CT Angiography

Angiography is a minimally invasive imaging test that helps doctors diagnose and treat medical conditions. Angiography uses one of three imaging technologies and, in some cases, a contrast material to produce pictures of major blood vessels throughout the body.

Angiography ia performed using:

  • X-rays with catheters
  • Computed tomography (CT)
  • Magnetic resonance imaging (MRI)

CT imaging uses special X-ray equipment to produce multiple images and a computer to join them together in multidimensional views.

In CT angiography (CTA), computed tomography using a contrast material produces detailed images of both blood vessels and tissues.

Common Uses of the CT Angiography

CT angiography is used to examine blood vessels in key areas of the body, including the:

  • Abdomen
  • Brain
  • Heart
  • Kidneys
  • Pelvis
  • Legs
  • Lungs
  • Neck

Doctors use the procedure to:

  • Identify disease and aneurysms in the aorta, both in the chest and abdomen, or in other major blood vessels.
  • Detect atherosclerosis disease in the carotid artery of the neck, which may limit blood flow to the brain and cause a stroke.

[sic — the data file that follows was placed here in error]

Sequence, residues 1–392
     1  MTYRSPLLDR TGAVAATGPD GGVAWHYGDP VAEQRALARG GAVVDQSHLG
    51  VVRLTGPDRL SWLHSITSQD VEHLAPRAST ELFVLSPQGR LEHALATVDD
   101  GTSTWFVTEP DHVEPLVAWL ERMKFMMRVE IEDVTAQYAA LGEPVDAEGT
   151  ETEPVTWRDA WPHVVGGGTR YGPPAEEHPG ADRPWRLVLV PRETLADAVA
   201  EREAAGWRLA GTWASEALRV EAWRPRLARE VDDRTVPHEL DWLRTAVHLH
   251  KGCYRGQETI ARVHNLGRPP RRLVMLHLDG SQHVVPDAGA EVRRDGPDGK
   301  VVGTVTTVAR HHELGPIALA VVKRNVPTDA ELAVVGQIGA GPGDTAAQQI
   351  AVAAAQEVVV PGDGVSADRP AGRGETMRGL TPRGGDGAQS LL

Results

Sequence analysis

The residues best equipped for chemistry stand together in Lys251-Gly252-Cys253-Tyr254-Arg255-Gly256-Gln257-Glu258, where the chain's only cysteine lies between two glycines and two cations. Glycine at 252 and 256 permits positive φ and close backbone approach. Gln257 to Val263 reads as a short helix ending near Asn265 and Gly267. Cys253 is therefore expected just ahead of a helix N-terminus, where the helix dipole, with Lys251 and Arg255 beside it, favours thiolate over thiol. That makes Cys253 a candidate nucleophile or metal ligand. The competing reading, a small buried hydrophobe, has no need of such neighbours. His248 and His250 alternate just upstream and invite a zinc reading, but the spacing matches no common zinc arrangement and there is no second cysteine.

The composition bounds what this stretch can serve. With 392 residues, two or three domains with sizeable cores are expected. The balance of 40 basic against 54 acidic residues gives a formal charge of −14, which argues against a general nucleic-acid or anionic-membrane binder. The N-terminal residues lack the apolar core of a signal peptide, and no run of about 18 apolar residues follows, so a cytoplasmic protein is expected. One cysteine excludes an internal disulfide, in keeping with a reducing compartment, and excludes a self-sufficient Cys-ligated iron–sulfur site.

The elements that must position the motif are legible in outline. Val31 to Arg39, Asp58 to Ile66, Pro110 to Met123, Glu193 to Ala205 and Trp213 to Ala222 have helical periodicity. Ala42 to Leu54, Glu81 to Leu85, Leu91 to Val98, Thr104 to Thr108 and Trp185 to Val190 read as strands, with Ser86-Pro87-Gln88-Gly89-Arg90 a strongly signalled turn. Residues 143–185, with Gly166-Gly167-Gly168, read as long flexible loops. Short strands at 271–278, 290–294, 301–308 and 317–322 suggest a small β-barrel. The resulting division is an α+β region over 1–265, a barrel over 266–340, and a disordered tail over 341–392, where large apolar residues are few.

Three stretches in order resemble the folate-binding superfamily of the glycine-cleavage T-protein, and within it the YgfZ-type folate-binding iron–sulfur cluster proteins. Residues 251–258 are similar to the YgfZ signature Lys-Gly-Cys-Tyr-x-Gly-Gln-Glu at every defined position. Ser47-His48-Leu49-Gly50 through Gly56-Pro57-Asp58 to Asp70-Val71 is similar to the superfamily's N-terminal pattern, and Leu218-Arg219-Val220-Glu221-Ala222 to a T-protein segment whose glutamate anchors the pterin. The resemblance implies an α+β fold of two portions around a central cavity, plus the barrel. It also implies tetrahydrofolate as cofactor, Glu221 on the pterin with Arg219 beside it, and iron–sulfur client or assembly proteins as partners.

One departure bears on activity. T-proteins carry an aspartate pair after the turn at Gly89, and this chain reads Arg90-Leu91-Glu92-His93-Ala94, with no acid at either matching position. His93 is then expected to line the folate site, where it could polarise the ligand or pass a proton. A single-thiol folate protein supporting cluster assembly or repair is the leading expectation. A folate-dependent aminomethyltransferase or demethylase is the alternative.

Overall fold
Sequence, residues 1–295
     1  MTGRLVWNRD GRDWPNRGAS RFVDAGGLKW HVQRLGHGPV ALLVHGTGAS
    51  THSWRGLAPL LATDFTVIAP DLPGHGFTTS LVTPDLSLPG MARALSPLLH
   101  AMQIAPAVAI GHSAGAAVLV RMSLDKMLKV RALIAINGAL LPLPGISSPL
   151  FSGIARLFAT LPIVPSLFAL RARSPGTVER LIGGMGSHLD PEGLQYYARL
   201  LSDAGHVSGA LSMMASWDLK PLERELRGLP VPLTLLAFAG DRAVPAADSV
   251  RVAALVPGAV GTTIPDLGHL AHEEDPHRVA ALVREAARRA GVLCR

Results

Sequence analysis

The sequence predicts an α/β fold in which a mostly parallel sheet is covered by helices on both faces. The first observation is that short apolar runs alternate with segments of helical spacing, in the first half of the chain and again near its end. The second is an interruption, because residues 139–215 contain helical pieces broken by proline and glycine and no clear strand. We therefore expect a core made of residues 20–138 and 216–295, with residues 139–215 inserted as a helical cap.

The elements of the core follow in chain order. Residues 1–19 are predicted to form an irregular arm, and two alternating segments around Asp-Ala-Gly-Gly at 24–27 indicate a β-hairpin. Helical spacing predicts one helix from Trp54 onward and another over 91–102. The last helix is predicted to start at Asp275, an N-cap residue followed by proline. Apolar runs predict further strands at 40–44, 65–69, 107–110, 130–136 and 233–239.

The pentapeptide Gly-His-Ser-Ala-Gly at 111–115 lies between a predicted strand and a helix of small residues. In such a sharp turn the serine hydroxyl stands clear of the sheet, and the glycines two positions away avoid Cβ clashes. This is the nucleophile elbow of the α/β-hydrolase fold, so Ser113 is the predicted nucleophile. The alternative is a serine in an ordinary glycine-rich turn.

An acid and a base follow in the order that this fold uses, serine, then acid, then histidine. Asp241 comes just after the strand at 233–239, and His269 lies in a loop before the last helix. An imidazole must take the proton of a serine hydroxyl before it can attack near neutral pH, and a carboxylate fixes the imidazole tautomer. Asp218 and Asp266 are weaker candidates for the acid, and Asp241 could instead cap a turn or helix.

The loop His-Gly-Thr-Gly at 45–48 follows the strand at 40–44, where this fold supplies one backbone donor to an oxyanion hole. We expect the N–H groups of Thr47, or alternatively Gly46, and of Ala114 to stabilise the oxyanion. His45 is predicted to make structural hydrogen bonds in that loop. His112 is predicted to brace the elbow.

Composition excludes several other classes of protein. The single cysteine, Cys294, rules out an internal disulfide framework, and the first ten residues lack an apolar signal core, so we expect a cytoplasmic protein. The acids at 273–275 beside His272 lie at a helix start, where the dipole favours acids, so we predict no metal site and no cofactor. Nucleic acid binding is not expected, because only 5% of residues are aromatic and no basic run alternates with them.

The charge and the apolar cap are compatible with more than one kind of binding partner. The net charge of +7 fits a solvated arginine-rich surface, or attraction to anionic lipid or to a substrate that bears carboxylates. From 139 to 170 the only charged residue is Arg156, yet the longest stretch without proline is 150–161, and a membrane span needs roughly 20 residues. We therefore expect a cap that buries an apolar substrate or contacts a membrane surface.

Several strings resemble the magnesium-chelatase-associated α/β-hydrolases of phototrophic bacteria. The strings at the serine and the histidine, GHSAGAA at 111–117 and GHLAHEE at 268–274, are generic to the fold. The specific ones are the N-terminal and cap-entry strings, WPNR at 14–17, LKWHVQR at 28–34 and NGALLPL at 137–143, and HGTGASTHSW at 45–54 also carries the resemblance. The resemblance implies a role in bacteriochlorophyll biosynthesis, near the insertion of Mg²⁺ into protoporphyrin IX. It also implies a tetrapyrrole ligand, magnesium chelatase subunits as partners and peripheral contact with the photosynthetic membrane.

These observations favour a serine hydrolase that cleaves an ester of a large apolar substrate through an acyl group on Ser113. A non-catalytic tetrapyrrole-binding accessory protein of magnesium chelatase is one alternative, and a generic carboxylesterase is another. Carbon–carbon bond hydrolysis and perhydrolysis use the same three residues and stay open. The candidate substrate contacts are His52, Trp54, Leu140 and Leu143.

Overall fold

• Identify a small aneurysm or arteriovenous malformation inside the brain.
  • Detect atherosclerotic disease that has narrowed the arteries to the legs and help prepare for endovascular intervention or surgery.
  • Indicate disease in the arteries to the kidneys or visualize blood flow to help prepare for a kidney transplant.
  • Guide interventional radiologists and surgeons making repairs to diseased blood vessels, such as implanting stents or evaluating a stent after implantation.
  • Detect injury to one of more arteries in the neck, chest, abdomen, pelvis or extremities in trauma patients.
  • Evaluate arteries feeding a tumor prior to surgery or other procedures such as chemoembolization or selective internal radiation therapy.
  • Identify dissection or splitting in the aorta in the chest or abdomen or its major branches.
  • Show the extent and severity of atherosclerosis in the coronary arteries and plan for a surgical operation, such as a coronary bypass.
  • Sample blood from specific veins in the body to detect any endocrine disease.
  • Examine pulmonary arteries in the lungs to detect pulmonary embolism (blood clots from leg veins).